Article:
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Lance Cpl. Joseph T. Delorefice, 19, from Lancaster Penn., who is a motor transport operator and civil affairs representative with Civil Affairs Team 1, Detachment 1, 2nd Battalion, 11th Marine Regiment, Regimental Combat Team 5, scans the eyes of an Iraqi who is trying to get an identification badge at the Civil Military Operations Center, Haditha, Iraq, May 6. The badges are part of a system that will track if anyone has a history of anti-Coalition forces activity.

Photo by Lance Cpl. Paul Torres

One stop shop: CMOC handles needs for Haditha residents

5 May 2008 | Lance Cpl. Paul Torres

A crowd of about 300 Iraqis gathered at the Civil Military Operation Center and waited to pass through the security checkpoint here May 7.

Members of Civil Affairs Team 1, Detachment 1, 2nd Battalion, 11th Marine Regiment, Regimental Combat Team 5, were busy inside processing claims for property damage, issuing identification badges and addressing other needs of the people of Haditha.

The CMOC is one of the only places the citizens can come if they have a problem that deals with the military or the government.

“We act as a liaison between the military and the people to help them with any problems we can,” said Cpl. David V. Dearing, 21, from Richland, Wash., who is the projects manager for CA Team 1.

Processing claims is one of the many tasks handled by CA Team 1 at the CMOC.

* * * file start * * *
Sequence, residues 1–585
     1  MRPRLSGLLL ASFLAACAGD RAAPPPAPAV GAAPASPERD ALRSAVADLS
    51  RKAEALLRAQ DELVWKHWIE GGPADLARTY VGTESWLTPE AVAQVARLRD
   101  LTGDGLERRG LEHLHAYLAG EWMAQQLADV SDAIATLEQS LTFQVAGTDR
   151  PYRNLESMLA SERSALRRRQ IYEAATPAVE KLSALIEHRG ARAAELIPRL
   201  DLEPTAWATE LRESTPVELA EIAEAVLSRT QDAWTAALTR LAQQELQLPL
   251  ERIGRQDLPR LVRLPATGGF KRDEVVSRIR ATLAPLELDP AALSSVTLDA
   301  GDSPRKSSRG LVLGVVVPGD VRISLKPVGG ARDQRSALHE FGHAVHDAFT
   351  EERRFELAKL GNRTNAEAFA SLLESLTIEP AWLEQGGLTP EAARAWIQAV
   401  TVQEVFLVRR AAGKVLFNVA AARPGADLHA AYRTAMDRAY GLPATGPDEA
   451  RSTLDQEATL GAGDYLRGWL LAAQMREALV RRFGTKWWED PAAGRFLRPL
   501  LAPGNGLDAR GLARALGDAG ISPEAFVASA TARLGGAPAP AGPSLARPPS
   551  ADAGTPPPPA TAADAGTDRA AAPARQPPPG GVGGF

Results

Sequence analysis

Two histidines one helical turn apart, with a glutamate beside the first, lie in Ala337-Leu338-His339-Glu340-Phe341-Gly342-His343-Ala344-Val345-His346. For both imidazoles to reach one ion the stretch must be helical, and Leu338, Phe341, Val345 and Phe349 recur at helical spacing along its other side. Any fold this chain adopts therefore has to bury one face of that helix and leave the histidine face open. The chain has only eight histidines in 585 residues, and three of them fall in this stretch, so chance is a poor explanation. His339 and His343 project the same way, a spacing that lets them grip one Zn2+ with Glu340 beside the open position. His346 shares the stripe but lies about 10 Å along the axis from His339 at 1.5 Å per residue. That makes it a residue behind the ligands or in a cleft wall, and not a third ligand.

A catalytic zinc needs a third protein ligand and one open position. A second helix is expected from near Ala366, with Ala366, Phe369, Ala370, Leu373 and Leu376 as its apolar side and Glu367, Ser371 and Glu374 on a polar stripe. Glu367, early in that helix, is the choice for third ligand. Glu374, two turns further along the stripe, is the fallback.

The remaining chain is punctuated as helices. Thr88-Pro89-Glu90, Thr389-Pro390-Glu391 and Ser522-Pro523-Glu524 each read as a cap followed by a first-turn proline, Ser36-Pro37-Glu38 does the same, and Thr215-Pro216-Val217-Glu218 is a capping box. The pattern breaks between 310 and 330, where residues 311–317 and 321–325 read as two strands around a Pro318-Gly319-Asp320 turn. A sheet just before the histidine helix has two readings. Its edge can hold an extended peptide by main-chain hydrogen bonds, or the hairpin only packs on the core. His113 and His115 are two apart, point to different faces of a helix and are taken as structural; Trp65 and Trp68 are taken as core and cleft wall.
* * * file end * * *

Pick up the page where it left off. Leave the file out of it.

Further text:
“One of the main responsibilities we have is issuing identification badges and vehicle stickers,” said Cpl. Austin J. Carter, 23, from Houston Texas, who is a convoy commander and security chief with CA Team 1. “We also issue weapons cards to government employees.”

By obtaining an identification card, the Iraqis are able to move around more freely without suspicion of insurgent activity.  This also makes it harder for insurgents to move among the people.

“Whenever their name is entered into the system, if they show up as an alert for being involved in anti-Coalition forces activity, we can detain them,” said Carter.

The Iraqis are also able to register their vehicle with the card and obtain a sticker that corresponds with the card .

“Once their vehicles are cleared through the Vehicle Control Point, we check their ID and match up their sticker number,” said Cpl. John R. Reyes, 20, from Valley Springs Calif., who is a motor transport mechanic, maintenance chief and convoy commander with CA Team 1.

The stickers are placed on the windshield of the vehicles so they can be easily seen by Coalition forces.

“When we are passing cars, I look for the sticker because if they have one, it tells us they are enrolled in the system and are not likely insurgents,” said Reyes.

Military projects designed to help rebuild the Iraqi infrastructure are also handled out of the CMOC.

“What we do is take scopes of the work that needs to be done and hand them out to local contractors,” said Dearing. “Then, the contractors will bring in estimates, submit a package and we choose the contractor.”

Helping the Iraqis rebuild their infrastructure is important because when Coalition forces eventually leave, they will have given the Iraqis the opportunity for a better life.


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